The wildfires ravaging the Western United States are among the most damaging on record, and the season isn’t over yet. For those who have been following the region’s changing climate patterns, however, the damage is hardly surprising, and this could be only the beginning.
So far this year, 41,000 fires have burned 7.5 million acres of forests and grasslands across the United States. Only nine years have seen more acres burned in total than have already burned this year. The record is 9.8 million acres in 2006.
In Alaska, the 2015 wildfire season will likely go down as the second-biggest on record. More than 5.1 million acres – or 8,000 square miles – have burned so far this year. The most damaging – 6.6 million acres – occurred in 2004. Although this was an extreme fire season, the state was fortunate that the weather eventually cooperated. By mid-July, the fires had already charred 4.5 million acres, or 88 percent of the total.
The fires that plagued central Alaska during the late spring and early summer months are now mostly under control, as the dry summer heat gives way to cooler and wetter weather. The persistent ridge of high pressure has broken down as waves of moisture now stream in from the surrounding waters – the annual sign that autumn is quickly approaching.
As the fires die out in Alaska, the attention now turns to the lower 48. What was a sporadic, yet manageable, start to the fire season has now turned into conflagration of tragic proportions.
Why the shift to the Lower 48?
A shift in the weather pattern over Alaska set into motion changes in the atmosphere that would affect the Lower 48. An upper-level low dropped down from the Gulf of Alaska and moved off the coast of Northern California. The low-pressure system met up with a persistent ridge of high pressure situated over the Western United States. The same system is responsible for waves of record-breaking heat from Phoenix to Seattle, and for extending the magnitude of extreme drought conditions from California into Oregon, Washington, and the Northern Rockies.
The clash of weather systems culminated in a series of dry thunderstorms, which produced lightning that sparked numerous fires across the Northwest. A series of weak low-pressure troughs have since moved along the northern parts of the ridge, cranking up the wind and fanning the flames.
How bad is it?
The result was a perfect storm of ingredients that have set the west ablaze. Currently, 1.5 million acres are burning. Five states – Idaho, Washington, California, Oregon, and Montana – all have at least ten active large fires, and all have states of emergency in effect to receive federal relief money.
More than 30,000 wildland firefighters have been called in to battle the blazes, the largest number in 15 years. The fires have grown so numerous and so large that U.S. Forest Service resources are spread thin. Last week, the Army got involved for the first time in almost a decade, mobilizing 200 personnel to assist. Canadian firefighting forces are also responding with additional crews and equipment. The USFS has also called in help from Australia and New Zealand.
And those firefighters who spent the first half of summer in Alaska? They are now being redeployed to fire locations throughout the Northwest.
Thirteen firefighters have died in their efforts to stop these fires. Thousands of people have been displaced, hundreds of homes and businesses have been destroyed, and livestock killed.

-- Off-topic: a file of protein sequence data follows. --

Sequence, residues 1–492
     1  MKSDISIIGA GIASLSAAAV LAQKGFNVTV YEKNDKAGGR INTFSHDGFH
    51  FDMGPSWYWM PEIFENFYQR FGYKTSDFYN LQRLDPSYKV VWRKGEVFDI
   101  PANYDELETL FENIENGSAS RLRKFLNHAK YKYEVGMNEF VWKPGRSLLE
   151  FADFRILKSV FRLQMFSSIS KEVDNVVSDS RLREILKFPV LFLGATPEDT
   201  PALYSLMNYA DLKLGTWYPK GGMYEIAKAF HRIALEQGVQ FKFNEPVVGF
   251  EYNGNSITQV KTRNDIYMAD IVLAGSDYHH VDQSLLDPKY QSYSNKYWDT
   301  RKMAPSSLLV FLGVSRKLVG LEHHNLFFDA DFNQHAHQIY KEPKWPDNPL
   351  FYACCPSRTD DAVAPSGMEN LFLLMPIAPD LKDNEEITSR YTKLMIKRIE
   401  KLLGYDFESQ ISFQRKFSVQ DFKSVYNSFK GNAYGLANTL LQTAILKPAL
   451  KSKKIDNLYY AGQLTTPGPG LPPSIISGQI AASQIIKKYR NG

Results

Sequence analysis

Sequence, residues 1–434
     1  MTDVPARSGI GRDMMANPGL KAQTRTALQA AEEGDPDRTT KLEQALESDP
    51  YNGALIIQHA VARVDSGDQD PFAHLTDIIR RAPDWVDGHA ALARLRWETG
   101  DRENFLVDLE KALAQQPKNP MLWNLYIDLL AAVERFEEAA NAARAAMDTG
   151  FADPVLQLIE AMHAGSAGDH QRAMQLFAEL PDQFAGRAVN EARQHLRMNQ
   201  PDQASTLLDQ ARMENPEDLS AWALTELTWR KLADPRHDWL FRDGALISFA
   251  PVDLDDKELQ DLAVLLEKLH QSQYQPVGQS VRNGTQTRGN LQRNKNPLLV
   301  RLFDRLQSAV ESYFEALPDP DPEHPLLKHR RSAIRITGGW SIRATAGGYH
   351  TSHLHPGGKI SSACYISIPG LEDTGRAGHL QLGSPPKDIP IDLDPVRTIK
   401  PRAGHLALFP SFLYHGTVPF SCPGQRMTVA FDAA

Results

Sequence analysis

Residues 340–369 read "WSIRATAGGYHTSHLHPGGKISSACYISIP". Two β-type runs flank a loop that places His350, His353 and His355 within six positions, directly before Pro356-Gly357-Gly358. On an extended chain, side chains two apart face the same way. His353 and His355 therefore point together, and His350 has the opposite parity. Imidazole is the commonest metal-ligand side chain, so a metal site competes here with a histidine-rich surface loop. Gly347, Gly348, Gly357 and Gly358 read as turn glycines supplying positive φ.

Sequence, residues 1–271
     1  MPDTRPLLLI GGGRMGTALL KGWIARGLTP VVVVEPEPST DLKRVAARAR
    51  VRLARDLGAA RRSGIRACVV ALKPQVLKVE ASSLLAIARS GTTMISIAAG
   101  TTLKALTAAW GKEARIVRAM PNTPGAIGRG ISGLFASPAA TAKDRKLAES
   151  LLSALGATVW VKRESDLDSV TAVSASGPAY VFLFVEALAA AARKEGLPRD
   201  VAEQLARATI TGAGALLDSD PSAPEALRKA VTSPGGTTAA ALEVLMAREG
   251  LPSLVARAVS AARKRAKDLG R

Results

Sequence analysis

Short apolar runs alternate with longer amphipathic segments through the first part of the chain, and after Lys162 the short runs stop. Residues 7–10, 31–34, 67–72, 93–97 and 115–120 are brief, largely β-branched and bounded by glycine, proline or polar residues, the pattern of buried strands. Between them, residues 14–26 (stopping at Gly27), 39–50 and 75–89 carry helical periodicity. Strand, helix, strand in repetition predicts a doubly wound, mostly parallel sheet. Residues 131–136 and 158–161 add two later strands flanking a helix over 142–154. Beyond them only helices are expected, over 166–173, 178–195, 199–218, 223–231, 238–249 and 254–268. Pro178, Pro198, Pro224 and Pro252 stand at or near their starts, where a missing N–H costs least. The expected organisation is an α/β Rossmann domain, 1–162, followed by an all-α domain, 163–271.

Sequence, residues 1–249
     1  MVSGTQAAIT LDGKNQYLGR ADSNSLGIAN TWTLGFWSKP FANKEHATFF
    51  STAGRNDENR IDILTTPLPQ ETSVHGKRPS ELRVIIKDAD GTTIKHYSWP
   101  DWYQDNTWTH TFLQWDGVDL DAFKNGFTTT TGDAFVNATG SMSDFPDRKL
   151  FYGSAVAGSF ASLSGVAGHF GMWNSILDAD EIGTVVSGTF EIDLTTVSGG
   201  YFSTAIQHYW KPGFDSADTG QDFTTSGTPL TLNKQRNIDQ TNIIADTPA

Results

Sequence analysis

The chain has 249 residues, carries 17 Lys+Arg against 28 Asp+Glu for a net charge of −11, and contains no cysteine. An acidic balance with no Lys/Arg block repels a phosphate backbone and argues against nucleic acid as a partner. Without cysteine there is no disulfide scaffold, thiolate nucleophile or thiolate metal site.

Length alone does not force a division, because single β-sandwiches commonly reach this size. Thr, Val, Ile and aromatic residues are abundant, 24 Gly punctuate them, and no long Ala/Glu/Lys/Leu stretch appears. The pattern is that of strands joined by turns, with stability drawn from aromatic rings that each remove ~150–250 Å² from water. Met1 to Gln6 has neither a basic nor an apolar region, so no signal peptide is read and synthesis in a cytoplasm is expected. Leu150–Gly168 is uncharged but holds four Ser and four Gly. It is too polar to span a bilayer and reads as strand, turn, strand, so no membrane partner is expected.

And while these numbers are dramatic, they shouldn’t come as much of surprise. Climate change is altering the landscape of the Western United States. According to the Union of Concerned Scientists, the average annual temperature in the Western United States has risen 1.9°F since 1970. The average winter snowpack is also shrinking, now melting up to 4 weeks earlier than in previous decades. And those are the years when there is a measureable snowpack. This creates dry ground conditions that are more conducive to the start and spread of fires.
Weather conditions like the ones that sparked and fanned the flames are also becoming more common. The multi-year, persistent ridge over the Western U.S., dubbed the Ridiculously Resilient Ridge (RRR), has intensified the hot and dry conditions. In fact, a recent study published in the Journal of Geophysical Research has concluded that climate change has intensified the California drought by roughly 15 to 20 percent. Therefore, it should come as no surprise that the wildfire season is now more than two months longer that it was a generation ago.
However, as summer progresses to autumn, and autumn to winter, fire season will come to an end, as cooler air and much needed moisture – a result of the effects of El Niño – begin to overspread parts of the drought-stricken region.
The winter rain and snow will provide some drought relief, but it is highly unlikely to end it. There are large water deficits throughout California and the Western United States. According to a recent study by NASA’s Jet Propulsion Laboratory, it would take a year’s worth of rain to alleviate the drought.
The fact remains that even with a high likelihood of much needed precipitation this winter, the climate of the Western United States is changing. One season of rain and snow will not be enough to solve the myriad of water crises, nor will it help to buck the trend of longer and more dangerous fire seasons.
The record-threatening fire season is the result of prolonged drought and extreme heat, and should act as a wake-up call to continue the push toward reducing greenhouse-gas emissions and mitigating its effects. Without these efforts, these extreme events will become even more commonplace. Simply adapting to a hotter and drier Western U.S. will not be enough.